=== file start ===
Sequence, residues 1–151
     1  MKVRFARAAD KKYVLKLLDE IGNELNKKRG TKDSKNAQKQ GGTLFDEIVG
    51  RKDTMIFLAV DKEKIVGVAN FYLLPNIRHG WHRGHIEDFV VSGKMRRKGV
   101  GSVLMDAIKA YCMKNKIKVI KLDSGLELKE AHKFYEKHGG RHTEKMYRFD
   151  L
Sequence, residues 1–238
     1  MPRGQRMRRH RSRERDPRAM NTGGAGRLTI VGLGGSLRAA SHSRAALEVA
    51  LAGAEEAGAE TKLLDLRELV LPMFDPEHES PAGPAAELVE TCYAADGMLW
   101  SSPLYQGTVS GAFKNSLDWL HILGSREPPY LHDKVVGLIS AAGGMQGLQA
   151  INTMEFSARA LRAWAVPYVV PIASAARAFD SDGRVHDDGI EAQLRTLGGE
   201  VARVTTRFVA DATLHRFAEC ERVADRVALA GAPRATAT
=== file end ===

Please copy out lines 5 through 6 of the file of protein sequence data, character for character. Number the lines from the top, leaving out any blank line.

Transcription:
   151  L
Sequence, residues 1–238